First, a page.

Fibromyalgia causes widespread pain, making it difficult for a person to perform work and daily activities.
Fibromyalgia is a painful medical condition that affects more than 10 million Americans. It is a chronic pain syndrome and doctors are not sure what causes the syndrome. However, in most cases, it is attributed to traumatic events such as occupational illnesses, accidents, and surgeries. Fibromyalgia causes widespread pain and discomfort throughout the body, making it difficult for a person to perform work and daily activities. A worker who develops fibromyalgia in the course of employment may find it difficult to prove their claim for workers’ compensation and may need the help of a St. Louis work comp lawyer.
What Is Fibromyalgia?
Fibromyalgia is a condition that causes pain in the muscles, ligaments, tendons, and tender points throughout the body when pressure is applied. Common symptoms of fibromyalgia include:
- Chronic pain: A person may experience burning, shooting, radiating, nagging, and exhausting pain, which may not always be consistent in intensity and location. Some persons report that the symptoms become worse during certain times of the day. Stress, anxiety, and physical activity are known to aggravate the symptoms.
- Fatigue: 90 percent of persons report moderate to severe fatigue.
- Tenderness: Fibromyalgia may cause tender spots in the shoulders, upper buttocks, hips, elbows, knees, upper chest, and neck.
- Sleep problems: Some persons also have disturbed sleep patterns and tend to wake up frequently during the night, causing a person to feel tired and groggy.
- Depression and anxiety: Symptoms of fibromyalgia and the lack of relief can make a person feel hopeless and alone. A patient may need psychological help to fight emotional distress.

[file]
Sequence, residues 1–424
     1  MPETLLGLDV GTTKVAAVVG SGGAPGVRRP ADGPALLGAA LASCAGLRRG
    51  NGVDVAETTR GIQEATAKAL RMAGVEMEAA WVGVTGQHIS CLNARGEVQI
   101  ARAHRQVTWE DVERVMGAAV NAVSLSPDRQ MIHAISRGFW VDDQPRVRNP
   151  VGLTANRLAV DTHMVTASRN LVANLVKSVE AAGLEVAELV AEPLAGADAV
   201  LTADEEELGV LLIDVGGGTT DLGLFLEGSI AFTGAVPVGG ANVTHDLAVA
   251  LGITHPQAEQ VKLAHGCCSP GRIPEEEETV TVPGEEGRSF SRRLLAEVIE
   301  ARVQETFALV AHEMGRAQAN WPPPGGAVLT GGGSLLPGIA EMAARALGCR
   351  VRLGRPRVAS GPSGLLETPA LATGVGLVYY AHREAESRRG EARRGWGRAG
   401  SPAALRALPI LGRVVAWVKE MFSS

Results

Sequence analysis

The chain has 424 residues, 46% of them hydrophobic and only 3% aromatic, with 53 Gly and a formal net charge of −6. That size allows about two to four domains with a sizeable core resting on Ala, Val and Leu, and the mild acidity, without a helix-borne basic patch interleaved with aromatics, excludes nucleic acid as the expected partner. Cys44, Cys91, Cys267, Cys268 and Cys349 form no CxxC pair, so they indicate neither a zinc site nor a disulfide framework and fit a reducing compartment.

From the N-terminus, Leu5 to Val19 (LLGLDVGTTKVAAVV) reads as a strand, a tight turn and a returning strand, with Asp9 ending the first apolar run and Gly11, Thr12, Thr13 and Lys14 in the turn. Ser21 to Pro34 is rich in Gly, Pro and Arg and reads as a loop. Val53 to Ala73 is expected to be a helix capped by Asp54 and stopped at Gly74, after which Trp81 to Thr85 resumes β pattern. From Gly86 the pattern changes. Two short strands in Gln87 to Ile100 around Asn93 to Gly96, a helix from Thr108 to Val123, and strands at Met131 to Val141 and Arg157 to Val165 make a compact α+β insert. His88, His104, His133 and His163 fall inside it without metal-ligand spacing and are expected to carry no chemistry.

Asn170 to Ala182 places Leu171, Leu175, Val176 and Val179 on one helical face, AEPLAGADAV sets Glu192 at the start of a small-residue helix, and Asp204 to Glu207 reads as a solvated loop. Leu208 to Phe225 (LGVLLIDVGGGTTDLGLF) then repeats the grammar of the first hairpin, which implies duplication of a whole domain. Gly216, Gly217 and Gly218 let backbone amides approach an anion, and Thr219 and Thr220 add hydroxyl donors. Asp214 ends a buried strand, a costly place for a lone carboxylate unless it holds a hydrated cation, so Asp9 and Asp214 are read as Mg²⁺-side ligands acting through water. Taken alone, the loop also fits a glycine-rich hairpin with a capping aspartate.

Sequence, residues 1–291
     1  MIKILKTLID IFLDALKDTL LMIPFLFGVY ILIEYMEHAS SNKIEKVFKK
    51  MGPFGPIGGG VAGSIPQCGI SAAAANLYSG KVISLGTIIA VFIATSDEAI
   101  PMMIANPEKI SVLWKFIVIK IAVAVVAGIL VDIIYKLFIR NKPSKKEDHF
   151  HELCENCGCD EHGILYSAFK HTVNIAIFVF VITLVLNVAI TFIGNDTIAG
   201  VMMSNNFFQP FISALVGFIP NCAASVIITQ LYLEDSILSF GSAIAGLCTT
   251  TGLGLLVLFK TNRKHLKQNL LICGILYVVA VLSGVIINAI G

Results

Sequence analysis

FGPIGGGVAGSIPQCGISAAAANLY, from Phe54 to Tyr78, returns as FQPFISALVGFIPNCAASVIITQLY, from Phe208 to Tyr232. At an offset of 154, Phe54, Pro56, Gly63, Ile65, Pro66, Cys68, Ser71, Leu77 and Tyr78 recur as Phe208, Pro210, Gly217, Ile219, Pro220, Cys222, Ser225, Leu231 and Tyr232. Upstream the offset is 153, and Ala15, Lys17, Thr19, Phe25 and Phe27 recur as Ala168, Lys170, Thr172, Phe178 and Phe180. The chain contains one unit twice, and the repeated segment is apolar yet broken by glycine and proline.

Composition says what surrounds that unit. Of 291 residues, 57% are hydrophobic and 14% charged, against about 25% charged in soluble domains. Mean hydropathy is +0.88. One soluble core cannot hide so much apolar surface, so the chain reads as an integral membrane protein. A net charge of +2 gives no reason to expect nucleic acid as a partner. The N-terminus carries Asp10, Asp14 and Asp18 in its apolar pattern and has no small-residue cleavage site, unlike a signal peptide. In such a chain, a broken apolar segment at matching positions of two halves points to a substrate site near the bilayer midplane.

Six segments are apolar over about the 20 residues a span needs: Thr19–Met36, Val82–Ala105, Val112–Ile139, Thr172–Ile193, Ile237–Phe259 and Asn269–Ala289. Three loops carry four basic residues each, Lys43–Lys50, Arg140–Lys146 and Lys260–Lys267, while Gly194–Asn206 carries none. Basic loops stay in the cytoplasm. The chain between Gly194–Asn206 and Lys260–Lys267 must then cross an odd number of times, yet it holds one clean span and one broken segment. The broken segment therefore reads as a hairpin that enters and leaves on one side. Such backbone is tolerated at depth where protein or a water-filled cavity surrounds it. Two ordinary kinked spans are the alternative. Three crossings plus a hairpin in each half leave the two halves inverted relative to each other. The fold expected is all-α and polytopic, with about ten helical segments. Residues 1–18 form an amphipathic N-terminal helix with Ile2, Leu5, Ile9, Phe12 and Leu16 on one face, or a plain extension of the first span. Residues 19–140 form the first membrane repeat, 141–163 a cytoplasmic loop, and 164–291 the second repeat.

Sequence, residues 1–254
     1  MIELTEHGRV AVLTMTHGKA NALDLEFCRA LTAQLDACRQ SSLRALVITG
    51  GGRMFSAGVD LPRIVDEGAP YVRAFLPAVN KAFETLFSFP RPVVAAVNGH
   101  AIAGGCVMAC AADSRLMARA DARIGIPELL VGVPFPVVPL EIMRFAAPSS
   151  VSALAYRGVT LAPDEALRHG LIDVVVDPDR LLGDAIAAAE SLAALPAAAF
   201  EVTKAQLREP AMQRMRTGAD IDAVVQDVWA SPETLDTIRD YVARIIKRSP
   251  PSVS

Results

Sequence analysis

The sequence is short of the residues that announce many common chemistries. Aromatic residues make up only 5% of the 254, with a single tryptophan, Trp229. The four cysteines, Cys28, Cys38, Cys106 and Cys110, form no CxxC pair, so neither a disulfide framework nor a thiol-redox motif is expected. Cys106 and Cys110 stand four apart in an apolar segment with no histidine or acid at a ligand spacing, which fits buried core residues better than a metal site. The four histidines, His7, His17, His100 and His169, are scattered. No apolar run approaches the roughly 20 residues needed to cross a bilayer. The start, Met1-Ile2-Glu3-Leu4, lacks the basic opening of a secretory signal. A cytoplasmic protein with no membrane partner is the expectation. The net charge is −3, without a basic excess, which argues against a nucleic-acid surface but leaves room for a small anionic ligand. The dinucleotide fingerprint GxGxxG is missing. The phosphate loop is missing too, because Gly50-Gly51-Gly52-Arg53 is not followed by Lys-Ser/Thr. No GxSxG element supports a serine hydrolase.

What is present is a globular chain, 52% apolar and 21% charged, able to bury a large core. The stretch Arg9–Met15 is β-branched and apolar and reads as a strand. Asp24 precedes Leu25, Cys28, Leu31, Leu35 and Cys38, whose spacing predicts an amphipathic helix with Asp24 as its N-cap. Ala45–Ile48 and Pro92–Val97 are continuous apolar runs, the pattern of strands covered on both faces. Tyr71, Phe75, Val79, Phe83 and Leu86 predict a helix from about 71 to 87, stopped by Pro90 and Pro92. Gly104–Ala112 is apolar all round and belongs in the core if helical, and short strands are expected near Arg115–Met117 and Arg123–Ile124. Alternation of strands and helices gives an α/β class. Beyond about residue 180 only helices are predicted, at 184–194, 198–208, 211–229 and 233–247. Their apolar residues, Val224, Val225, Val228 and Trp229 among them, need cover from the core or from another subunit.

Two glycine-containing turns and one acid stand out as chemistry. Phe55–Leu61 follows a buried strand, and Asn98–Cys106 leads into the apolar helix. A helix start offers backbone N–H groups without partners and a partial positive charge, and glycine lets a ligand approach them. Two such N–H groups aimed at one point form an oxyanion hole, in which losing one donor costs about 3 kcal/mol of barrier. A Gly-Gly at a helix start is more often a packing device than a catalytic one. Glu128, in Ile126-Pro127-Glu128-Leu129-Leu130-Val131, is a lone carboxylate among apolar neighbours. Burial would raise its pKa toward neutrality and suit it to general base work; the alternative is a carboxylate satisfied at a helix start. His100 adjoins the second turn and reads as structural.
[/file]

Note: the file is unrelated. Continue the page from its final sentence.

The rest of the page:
- Memory issues: Fibromyalgia patients may suffer short-term and long-term memory problems. This can affect a person’s ability to multi-task and make them incapable of performing even simple tasks.
Treatment for Fibromyalgia
Unfortunately, there is still no cure for fibromyalgia and the symptoms are often managed with pain medication. Commonly used medications include the use of analgesics such as acetaminophen, anti-depressants, and muscle relaxants. The U.S. Food and Drug Administration has approved the use of Lyrica for the treatment of fibromyalgia. Studies have been conducted to understand the efficacy of this drug for the treatment of fibromyalgia. The results have been quite promising, with about half of the respondents reporting an improvement in the condition after taking this medication.
Is Fibromyalgia Work-Related?
There are various possible causes of fibromyalgia including injuries, accidents, and traumatic experiences. Research has shown that a large percentage of people who suffer from fibromyalgia noted symptoms after a traumatic experience, such as a motor vehicle crash or a workplace accident. However, proving that the condition is a result of a workplace accident could be challenging.